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 03-12-2004, 20:33 Post: 79689
kwschumm



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 Learning to weld

I'm pretty much resigned to the fact that I need to get a welder and learn to weld. What's a good way to learn? There are books and videos available - Can anyone recommend any of them? The local community college offers classes, but the next ones don't start until August sometime.






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 03-12-2004, 20:54 Post: 79693
plots1

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 Learning to weld

books and video's will give you a good idea, but hands on is the only way to learn . get your self a nice mig and start melting things togather. practice practice.






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 03-12-2004, 21:19 Post: 79699
BillMullens

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 Learning to weld

Practice is the best way to learn. If you buy a new welder, the instruction booklet will get you started. Once you learn to run a bead, you'll quickly learn what good and bad welds look like. Be careful if you get a "little" MIG, they are notorious for producing good-looking welds that sit on top of the metal (not enough penetration). I still prefer a stick welder for farm use (anything more than sheet metal) but that's just me. I set my MIG up for aluminum, and have made a couple of nice diamond plate toolboxes. Cool.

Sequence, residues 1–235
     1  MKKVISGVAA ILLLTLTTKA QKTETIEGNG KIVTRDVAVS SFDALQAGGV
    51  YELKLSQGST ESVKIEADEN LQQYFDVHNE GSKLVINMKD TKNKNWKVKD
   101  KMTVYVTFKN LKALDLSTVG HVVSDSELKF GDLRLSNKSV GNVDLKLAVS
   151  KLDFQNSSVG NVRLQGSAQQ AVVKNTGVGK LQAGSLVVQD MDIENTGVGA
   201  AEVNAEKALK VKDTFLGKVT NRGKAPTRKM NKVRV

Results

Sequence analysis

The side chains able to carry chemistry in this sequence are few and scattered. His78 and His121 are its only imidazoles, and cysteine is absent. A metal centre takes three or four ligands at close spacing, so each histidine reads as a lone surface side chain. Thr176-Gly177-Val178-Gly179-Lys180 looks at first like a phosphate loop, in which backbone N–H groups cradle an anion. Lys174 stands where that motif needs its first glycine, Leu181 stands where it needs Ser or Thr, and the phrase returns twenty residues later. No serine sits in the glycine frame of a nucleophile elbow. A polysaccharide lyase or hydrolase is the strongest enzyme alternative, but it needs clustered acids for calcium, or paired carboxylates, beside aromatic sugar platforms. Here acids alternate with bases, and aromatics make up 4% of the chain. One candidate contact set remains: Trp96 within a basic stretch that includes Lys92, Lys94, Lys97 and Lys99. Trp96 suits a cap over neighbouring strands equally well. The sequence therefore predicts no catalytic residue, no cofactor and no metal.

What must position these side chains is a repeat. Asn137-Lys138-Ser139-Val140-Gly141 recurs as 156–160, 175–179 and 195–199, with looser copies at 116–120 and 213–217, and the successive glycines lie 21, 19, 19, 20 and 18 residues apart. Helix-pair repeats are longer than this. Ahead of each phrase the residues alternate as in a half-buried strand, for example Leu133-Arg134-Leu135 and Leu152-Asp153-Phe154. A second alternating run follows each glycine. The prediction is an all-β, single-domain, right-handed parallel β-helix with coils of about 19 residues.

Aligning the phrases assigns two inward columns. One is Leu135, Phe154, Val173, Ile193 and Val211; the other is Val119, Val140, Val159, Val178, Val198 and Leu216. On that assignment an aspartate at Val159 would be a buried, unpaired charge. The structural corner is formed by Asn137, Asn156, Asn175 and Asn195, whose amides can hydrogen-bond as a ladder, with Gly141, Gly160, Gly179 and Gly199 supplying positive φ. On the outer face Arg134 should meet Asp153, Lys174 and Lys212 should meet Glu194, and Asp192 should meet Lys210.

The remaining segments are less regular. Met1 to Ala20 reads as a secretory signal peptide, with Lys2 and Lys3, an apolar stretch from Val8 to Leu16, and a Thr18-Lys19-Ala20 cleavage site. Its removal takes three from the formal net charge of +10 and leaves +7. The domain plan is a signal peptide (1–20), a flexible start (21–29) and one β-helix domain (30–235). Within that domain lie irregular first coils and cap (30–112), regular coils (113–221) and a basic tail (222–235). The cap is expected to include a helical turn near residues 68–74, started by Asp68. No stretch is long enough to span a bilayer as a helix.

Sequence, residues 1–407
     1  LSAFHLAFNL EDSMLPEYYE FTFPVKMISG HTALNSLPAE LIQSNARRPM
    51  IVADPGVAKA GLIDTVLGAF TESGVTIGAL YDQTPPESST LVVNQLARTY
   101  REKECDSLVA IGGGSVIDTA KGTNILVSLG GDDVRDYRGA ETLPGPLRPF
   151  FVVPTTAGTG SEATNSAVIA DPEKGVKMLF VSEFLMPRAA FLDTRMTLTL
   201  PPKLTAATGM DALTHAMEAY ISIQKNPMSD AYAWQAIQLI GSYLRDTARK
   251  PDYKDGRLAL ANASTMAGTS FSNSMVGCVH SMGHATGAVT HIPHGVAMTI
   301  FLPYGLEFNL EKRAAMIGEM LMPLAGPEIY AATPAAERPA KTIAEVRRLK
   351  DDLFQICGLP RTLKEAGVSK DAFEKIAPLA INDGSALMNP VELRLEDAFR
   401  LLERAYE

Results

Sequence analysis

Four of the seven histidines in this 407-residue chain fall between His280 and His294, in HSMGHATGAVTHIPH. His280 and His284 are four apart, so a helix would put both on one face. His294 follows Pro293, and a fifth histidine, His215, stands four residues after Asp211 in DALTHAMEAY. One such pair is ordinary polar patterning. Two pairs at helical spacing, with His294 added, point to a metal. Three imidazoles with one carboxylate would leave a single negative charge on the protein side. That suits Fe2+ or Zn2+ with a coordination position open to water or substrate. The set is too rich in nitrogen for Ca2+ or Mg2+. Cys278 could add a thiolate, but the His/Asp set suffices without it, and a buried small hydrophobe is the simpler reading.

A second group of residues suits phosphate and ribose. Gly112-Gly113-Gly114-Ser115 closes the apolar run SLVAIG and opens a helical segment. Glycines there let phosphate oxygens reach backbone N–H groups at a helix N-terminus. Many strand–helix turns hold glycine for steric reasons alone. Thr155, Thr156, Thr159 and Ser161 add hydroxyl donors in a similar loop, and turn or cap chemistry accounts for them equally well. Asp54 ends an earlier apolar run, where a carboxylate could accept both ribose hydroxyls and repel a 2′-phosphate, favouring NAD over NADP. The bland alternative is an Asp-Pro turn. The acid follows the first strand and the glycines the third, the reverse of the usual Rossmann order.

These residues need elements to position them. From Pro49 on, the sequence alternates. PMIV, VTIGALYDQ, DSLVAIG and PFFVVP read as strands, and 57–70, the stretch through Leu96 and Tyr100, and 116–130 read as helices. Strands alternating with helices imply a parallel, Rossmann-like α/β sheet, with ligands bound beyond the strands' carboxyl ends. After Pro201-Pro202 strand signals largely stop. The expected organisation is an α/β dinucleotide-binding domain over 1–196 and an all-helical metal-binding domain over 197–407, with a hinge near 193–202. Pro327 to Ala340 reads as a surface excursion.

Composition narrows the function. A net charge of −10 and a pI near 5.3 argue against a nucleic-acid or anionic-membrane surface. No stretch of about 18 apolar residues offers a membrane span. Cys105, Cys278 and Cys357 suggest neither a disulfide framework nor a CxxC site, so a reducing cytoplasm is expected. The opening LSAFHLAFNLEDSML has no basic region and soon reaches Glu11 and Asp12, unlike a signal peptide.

The Lincoln website is a good resource. This link takes you to the articles section; look under the "How to" tips pulldown box for some beginner tips.
I've got several books, it is easy to become obsessive about welding knowledge. I'll try to find a couple of my favorites and post the titles if you are interested.
Great hobby. After years of trying, I can do a decent-looking vertical weld about half the time.
Have fun,
Bill






Link:   Lincoln articles 

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 03-12-2004, 21:45 Post: 79701
kwschumm



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 Learning to weld

After reading here I would only buy a 220V welder, but I'm a little reluctant to buy without having an idea of what to look for. Of course without one it's a little hard to practice.

Bill, thanks for the link. If you get a chance I'd be interested in knowing what books you would find useful for a novice.






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 03-13-2004, 08:29 Post: 79735
shortmagnum

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Ken, This is another case where a good dealer could be important. I have been talking to a guy at Praxair. It's a dealer for industrial gasses and welding equipment. Right now I'm looking at a Miller 210 amp mig. What I like about this place besides the price is that both times I've talked to people there they have encouraged me to call ahead and they will demonstrate the welder AND show me some techniques.

My last project was a grapple for loading logs (see picture #1 & #2). For that I used a Century AC/DC stick welder ($350) and it worked well. BUT, I have major health concerns about the smoke. I was so covered in soot by the end of the night that I know I must have breathed in plenty of it.

I have used a smaller 100 amp Century mig for years, primarily for autobody work (about $350 with tank). For up to 1/8 inch thickness it works great but I now have the need for something that will handle 1/4 inch so I'm looking at the Miller ($1200).






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 03-17-2004, 08:53 Post: 80136
AC5ZO

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 Learning to weld